|Franz Jachim, some rights reserved|
In the ordinary world, we're all attentionally deficit. I work at home on a computer, and against my better judgment, sometimes while I work I flick backwards and forwards between my work and the internet because I simply can't help myself. On any given day I tend to have 10 browser pages open at once. Before I finish the end of one page, I have generally flicked over to another, or to check my email, or to look at Facebook when I'm on it (at the moment I'm not), or to look at Twitter.
We are starved for stories in the world we live in, though we're surrounded by words and great stories. But where are the good stories about us? Where do good stories fit in a world where the economy is the god, and we are forced to be its subjects? Where do we fit in? And how do we see each other? It feels like every turn in this world I am encouraged to see people as cogs. There is nothing to stop me from looking at you and seeing someone who is simply not-me, and simply in my way.
I sat in a university class a couple of years ago listening to fellow creative writing students who are 20 years younger than me talking about how flatpacked and meaningless this world is to them, how going overseas opens up their eyes because they see people who are living in ways that matter. There was something about hearing those people say those things that made me feel hope. Even though they have been born directly into consumer culture in a way that I wasn't 44 years ago, they still harbour the same hopes and desires for things that it's becoming harder and harder to find the words for.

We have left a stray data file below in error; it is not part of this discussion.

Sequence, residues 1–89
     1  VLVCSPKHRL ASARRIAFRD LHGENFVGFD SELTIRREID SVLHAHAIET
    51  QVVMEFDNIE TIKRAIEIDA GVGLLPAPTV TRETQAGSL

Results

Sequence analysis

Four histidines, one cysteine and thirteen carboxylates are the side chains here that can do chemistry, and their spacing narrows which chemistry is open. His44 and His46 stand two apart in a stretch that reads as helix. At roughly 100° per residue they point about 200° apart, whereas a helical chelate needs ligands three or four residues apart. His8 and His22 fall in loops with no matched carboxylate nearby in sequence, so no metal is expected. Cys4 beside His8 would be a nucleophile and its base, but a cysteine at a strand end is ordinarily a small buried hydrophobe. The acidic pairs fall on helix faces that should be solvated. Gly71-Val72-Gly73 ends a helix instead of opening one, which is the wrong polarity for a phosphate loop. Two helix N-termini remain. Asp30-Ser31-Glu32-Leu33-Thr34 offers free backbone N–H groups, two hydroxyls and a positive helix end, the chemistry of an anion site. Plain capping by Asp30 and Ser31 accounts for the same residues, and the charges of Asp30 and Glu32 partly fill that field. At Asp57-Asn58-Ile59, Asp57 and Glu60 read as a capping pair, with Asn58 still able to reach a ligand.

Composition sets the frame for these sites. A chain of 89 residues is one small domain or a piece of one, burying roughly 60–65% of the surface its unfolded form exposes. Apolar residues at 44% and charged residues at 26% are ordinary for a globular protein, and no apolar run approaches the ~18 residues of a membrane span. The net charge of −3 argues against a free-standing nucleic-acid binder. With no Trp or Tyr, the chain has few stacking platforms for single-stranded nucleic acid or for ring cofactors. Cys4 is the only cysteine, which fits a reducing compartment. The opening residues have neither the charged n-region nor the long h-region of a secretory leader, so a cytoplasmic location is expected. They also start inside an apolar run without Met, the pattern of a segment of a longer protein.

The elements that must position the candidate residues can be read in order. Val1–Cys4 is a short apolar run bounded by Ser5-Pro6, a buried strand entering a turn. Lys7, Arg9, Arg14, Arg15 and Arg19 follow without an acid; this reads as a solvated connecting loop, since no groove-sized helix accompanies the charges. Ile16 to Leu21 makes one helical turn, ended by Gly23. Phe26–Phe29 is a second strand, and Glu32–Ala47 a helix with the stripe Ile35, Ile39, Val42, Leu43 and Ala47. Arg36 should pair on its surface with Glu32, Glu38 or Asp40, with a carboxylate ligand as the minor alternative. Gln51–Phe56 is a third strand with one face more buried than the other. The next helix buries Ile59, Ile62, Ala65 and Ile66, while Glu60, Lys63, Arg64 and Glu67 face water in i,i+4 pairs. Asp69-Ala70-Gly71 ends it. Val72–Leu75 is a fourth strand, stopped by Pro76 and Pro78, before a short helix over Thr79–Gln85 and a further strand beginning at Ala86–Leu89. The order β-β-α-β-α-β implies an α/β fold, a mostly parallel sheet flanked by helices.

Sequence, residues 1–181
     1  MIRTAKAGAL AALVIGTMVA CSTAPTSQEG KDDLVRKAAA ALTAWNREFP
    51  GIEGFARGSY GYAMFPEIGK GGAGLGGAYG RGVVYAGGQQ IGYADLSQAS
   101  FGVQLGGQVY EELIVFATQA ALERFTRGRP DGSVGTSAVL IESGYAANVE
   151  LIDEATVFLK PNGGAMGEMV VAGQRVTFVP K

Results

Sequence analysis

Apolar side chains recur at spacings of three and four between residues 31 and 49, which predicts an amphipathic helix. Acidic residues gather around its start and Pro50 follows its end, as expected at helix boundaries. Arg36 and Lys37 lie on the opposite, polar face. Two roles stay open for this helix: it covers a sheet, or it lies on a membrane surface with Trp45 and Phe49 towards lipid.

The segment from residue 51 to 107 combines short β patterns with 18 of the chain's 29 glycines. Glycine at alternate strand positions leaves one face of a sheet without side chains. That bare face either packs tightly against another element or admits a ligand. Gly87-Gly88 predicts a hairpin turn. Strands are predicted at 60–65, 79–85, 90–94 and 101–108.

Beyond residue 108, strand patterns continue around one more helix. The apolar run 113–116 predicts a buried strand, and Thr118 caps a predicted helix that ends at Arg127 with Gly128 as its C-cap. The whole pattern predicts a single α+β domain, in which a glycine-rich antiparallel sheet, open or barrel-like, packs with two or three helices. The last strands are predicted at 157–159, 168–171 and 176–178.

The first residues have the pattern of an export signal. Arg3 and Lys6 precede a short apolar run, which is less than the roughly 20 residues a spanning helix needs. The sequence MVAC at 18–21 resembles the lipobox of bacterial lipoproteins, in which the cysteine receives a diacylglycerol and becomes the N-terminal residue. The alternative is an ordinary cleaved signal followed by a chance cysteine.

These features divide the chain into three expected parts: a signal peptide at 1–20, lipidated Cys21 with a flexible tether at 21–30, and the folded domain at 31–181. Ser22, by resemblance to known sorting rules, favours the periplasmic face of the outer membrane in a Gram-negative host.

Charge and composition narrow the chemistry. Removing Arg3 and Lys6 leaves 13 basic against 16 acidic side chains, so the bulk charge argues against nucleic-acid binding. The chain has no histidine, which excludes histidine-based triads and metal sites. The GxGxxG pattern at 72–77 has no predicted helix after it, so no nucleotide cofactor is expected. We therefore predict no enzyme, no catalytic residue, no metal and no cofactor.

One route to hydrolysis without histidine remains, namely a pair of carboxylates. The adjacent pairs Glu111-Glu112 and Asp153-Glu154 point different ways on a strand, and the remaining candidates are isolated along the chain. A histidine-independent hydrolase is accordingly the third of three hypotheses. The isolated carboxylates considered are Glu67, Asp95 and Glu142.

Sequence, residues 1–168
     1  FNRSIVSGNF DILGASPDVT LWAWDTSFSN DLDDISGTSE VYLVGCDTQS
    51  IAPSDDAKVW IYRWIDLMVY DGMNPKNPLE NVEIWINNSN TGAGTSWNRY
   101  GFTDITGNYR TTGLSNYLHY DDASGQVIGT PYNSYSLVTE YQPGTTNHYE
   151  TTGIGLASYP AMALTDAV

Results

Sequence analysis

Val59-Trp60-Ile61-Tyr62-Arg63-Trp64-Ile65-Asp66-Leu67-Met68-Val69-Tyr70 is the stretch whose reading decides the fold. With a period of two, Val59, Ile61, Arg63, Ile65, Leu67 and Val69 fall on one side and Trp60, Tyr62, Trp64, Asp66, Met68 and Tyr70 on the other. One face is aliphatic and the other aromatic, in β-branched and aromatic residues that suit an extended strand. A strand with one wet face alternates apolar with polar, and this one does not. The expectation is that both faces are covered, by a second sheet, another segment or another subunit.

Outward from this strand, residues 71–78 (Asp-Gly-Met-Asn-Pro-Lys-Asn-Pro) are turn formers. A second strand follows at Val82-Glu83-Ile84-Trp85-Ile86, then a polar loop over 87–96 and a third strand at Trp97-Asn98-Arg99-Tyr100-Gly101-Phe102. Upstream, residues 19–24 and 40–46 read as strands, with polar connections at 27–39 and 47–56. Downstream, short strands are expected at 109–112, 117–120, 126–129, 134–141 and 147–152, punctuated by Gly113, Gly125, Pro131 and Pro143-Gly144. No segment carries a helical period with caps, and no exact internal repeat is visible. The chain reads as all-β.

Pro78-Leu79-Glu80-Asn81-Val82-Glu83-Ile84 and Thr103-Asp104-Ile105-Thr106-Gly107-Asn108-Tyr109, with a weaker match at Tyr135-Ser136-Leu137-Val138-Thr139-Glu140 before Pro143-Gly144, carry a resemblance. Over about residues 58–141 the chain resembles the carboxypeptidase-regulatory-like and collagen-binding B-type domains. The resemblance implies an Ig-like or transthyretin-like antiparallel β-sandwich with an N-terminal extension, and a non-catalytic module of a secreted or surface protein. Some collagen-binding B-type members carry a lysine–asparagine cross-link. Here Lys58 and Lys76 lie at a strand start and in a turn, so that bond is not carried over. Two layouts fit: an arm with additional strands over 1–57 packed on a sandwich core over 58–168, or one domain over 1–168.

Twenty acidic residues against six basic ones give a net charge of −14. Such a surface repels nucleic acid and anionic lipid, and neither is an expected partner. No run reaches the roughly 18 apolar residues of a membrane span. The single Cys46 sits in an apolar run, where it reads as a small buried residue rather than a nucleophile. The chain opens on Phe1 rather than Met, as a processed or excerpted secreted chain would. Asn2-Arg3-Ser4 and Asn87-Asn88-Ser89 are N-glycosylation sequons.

This search for meaning, for story, is why I love writing and reading. And it's why I love going to the movies. Like Patrick Goldstein, I am an old-fashioned purist when it comes to the cinema. Even in the age of Netflix and DVDs, there is still a ritual about moviegoing that sets it apart from those other forms of viewing. Something about sitting in the dark feeding your face with popcorn with a whole lot of other people who are all sharing the same story turns it into a sacred space for me.
|The old Barkly Theatre in the Melbourne suburb of Footscray.|
State Library of Victoria, some rights reserved
When I go to the movies, I guess a lot of what I like to see is about meaning as well. When I was a child and before I could read, my Mum read a story to me every single night. By the time I was eight years old I was spending afternoons clambering up the Faraway Tree, polishing off one of Enid Blyton's books from the time it took to end lunch and begin dinner. It was escape, but it was also developing imagination. It was realising that there are as many different ways of looking at pretty much anything, and that every way you do look at something opens up a particular world at the top of your tree. It colours the way you see everything.
In the cinema, I am stuck in the best possible sort of way. I'm not at home. I can't go and get online. I am forced to sit there, even if my mind wanders. I don't want to check my mobile phone. Nor do I want anybody else to check theirs. We might miss something. I want us, just for this little time, to be all looking the same way and all seeing the same thing. Just for a couple of hours.
|Moviegoers at the Melbourne International Film Festival, enjoying the wonderful Forum Theatre in Melbourne's centre. Pic by Anne Holmes, some rights reserved|